The snow is down across the Lakeland, but statistics show that some residents won’t be around to see it melt in the spring.
Twenty-five per cent of vehicle crashes resulting in fatalities on Alberta roads each year happen on slushy, icy or snowy roadways.
Transport Canada reports from 2021 show that 1,798 people were killed in vehicle collisions across the country — an overall average of five out of every 100,000 people in Canada. That number is 6.5 people for every 100,000 in Alberta. The highest fatality rates for vehicle collisions were in Prince Edward Island, with 10.5 per 100,000. Of those statistical deaths over the year, 20 per cent are attributed to poor driving conditions; the same percentage attributed to drunk driving collisions and distracted driving crashes. Of those statistical deaths, the age ranges between 25 and 34 make up 20 per cent of the fatalities — the same percentage as those in the over 65 category. Three percent of the fatalities were children under the age of four.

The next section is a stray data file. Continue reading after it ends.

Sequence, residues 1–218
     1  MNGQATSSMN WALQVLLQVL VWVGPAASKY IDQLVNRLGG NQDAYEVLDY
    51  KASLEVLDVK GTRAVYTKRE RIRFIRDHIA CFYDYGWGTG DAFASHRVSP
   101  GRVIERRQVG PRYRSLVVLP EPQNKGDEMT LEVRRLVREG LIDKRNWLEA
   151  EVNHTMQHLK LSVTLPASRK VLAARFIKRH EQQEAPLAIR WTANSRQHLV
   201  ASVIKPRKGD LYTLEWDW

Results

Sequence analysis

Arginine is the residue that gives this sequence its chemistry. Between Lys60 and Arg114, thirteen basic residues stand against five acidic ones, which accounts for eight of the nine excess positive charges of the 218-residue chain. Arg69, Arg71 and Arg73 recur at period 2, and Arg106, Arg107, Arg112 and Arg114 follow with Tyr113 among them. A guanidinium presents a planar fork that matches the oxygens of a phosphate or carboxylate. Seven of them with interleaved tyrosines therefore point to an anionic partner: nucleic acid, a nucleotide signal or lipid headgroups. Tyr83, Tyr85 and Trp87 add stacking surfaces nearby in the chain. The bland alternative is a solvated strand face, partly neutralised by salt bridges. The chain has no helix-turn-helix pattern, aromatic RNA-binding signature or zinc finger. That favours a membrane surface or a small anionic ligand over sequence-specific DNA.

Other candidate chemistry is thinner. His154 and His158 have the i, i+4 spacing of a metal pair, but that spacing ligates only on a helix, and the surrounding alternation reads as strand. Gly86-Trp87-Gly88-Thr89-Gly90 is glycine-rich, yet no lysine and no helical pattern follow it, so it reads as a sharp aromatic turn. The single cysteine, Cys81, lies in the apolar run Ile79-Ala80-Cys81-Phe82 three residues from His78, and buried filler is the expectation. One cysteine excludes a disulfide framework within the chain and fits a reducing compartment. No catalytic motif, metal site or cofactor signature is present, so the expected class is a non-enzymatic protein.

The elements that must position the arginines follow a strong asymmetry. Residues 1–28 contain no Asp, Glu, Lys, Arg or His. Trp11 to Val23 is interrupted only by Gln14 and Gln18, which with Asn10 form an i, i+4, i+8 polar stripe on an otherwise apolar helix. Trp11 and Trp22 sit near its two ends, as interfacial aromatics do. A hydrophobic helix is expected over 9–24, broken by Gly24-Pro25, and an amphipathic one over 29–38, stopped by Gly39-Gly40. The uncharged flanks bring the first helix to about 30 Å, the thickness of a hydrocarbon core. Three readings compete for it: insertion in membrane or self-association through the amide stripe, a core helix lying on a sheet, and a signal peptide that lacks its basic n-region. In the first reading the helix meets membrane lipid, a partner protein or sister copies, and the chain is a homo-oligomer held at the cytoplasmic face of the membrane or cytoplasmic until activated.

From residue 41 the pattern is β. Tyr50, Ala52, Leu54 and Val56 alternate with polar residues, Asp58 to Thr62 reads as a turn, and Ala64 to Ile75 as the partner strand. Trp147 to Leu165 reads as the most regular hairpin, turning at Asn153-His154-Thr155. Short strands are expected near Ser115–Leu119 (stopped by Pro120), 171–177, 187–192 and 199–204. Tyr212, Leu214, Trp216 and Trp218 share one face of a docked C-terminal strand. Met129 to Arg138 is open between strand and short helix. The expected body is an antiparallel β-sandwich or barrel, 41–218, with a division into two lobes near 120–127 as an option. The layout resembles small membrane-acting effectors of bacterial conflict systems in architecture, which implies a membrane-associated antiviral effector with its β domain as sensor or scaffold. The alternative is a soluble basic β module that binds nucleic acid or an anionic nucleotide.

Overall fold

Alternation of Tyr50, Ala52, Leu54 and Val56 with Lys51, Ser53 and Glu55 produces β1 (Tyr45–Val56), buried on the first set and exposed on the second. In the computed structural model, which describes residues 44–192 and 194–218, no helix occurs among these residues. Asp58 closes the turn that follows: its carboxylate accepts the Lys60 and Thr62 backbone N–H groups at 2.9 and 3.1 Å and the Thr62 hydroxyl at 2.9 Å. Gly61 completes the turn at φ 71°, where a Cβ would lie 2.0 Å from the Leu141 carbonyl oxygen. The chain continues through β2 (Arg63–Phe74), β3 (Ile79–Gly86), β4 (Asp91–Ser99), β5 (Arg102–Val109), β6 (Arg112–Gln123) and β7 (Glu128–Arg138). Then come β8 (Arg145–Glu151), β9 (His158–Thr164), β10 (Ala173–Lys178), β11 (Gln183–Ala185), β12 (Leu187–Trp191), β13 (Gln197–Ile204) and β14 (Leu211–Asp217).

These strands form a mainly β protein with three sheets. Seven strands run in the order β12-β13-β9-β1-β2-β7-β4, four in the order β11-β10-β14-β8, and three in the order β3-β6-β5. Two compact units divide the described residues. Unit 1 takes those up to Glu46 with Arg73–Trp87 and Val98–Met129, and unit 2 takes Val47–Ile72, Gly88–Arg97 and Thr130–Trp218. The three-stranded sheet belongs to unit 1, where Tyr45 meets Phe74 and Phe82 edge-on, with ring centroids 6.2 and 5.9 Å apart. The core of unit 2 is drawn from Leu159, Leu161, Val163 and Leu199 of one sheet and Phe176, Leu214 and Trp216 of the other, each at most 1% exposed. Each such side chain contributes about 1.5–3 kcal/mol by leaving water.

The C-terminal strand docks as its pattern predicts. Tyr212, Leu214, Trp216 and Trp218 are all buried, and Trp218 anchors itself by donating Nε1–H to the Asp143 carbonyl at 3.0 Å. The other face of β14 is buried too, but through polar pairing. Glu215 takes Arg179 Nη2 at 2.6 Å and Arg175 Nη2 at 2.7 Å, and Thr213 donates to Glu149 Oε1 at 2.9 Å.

Winter driving can be a killer — for anyone.
Canada’s insurance providers say October and November are the leading months of the year for collision insurance claims, rising almost 50 per cent over other months. RCMP statistics for Alberta show that the months of November to January each year generate one third of the crashes they respond to.
For those seeing the math, rather than the emotion, it’s clear that winter driving months are no more dangerous than warmer months across Canada. In fact, according to North American statistics, summer is statistically the most prevalent time for crashes due to speed and in-attention.
But for those seeing the faces rather than the numbers, it’s another reminder of the responsibility held by each driver on our local and regional roads to pay attention to the changing driving patterns.